So, why is cloud backup important? By storing copies of your data in a remote location, often across multiple servers, your organisation is less vulnerable to data loss through incidents such as power outages, natural disasters and cyberattacks. If your data is compromised, you can easily restore your company’s data from the cloud servers. Plus, since cloud providers will often store multiple copies of your data across different servers, you’ll still be able to recover your data even if one of the servers is faulty or compromised.

Although not all businesses will be as concerned about the effects of natural disasters on IT hardware and data, all organisations can benefit from robust cybersecurity measures, including cloud backup. If malware infects your IT equipment and corrupts your data, you can quickly restore data backups from your cloud service provider to keep your business running. Similarly, if you’re targeted by ransomware, which is where cybercriminals hold your data hostage until you pay a ransom, you can avoid paying anything by simply restoring your data from the cloud.

There are two main methods of cloud backup to be aware of. These are:

Backup-as-a-service (BaaS)

If you’re looking for a more hands-off approach, backup-as-a-service (BaaS) is for you. With BaaS, the cloud provider manages your backups for you, so all you need to do is connect to their servers to start the process.

Platform-as-a-service (PaaS)

If you want more control over your backups, you should go for platform-as-a-service (PaaS). With this option, the cloud provider will give you a platform where you can store and manage your backups yourself.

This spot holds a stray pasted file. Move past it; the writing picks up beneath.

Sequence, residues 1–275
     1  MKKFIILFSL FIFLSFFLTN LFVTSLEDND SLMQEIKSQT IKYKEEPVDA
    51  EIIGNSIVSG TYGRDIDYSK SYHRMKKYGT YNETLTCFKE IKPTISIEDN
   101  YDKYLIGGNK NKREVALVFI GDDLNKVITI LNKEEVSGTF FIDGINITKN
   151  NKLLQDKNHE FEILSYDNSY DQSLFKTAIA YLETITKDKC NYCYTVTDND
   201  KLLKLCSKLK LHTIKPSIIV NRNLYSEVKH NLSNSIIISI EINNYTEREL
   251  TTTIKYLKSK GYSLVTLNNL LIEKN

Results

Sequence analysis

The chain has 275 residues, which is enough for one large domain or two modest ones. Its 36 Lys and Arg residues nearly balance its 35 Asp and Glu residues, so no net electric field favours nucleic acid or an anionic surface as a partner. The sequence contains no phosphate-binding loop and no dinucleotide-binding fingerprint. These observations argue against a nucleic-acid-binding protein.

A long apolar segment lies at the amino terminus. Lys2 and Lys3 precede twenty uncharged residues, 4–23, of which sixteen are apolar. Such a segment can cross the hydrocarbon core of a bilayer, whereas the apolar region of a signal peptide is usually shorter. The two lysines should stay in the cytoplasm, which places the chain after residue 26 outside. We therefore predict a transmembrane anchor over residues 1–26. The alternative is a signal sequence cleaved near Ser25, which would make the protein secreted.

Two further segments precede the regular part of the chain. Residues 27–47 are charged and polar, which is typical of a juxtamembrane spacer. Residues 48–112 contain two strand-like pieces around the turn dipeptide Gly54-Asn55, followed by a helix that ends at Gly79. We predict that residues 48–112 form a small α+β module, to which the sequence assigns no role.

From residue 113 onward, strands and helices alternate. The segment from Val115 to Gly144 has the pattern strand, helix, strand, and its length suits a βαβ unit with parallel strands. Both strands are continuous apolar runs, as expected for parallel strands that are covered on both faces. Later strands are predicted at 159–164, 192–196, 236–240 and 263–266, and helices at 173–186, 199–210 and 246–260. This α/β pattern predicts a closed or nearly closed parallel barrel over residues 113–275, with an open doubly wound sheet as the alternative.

Cloud backup vs cloud storage

Although cloud backup and cloud storage are very similar, they don’t mean the same thing. Cloud storage is all about storing your company’s data in the cloud for a variety of reasons, including to free up server space, improve accessibility and archive old files.

On the other hand, cloud backup involves storing copies of your data to an off-site cloud-based storage system, allowing you to recover data copies in the event of data loss or corruption. Therefore, cloud backup can archive your data and offer disaster recovery solutions, but cloud storage cannot offer proper disaster recovery.

Cloud backup vs cloud disaster recovery

For a more comprehensive disaster recovery solution, there are cloud disaster recovery services. Although cloud backup can help you recover data and keep things running after a disruptive event, it doesn’t offer all the advanced disaster recovery features you can find with disaster-recovery-as-a-service (DRaaS).

If you were to experience full data loss in a catastrophic event for your business, you would need more than just your data files to get up and running again. In this case, you would need your application software, drivers and utilities, and this is where DRaaS comes in. With DRaaS, your entire server is mirrored to the cloud backup service. If you need a top-notch disaster recovery solution for your business due to vulnerability to cyberattacks or natural disasters, you may need to opt for DRaaS instead of just a regular cloud backup service.

How does cloud backup work?